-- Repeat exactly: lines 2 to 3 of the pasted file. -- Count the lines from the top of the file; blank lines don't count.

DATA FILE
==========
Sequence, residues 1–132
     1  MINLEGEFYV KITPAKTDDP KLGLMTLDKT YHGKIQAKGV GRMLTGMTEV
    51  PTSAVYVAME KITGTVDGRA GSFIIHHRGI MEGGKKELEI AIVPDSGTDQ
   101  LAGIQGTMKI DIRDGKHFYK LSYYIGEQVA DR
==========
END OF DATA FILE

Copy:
     1  MINLEGEFYV KITPAKTDDP KLGLMTLDKT YHGKIQAKGV GRMLTGMTEV
    51  PTSAVYVAME KITGTVDGRA GSFIIHHRGI MEGGKKELEI AIVPDSGTDQ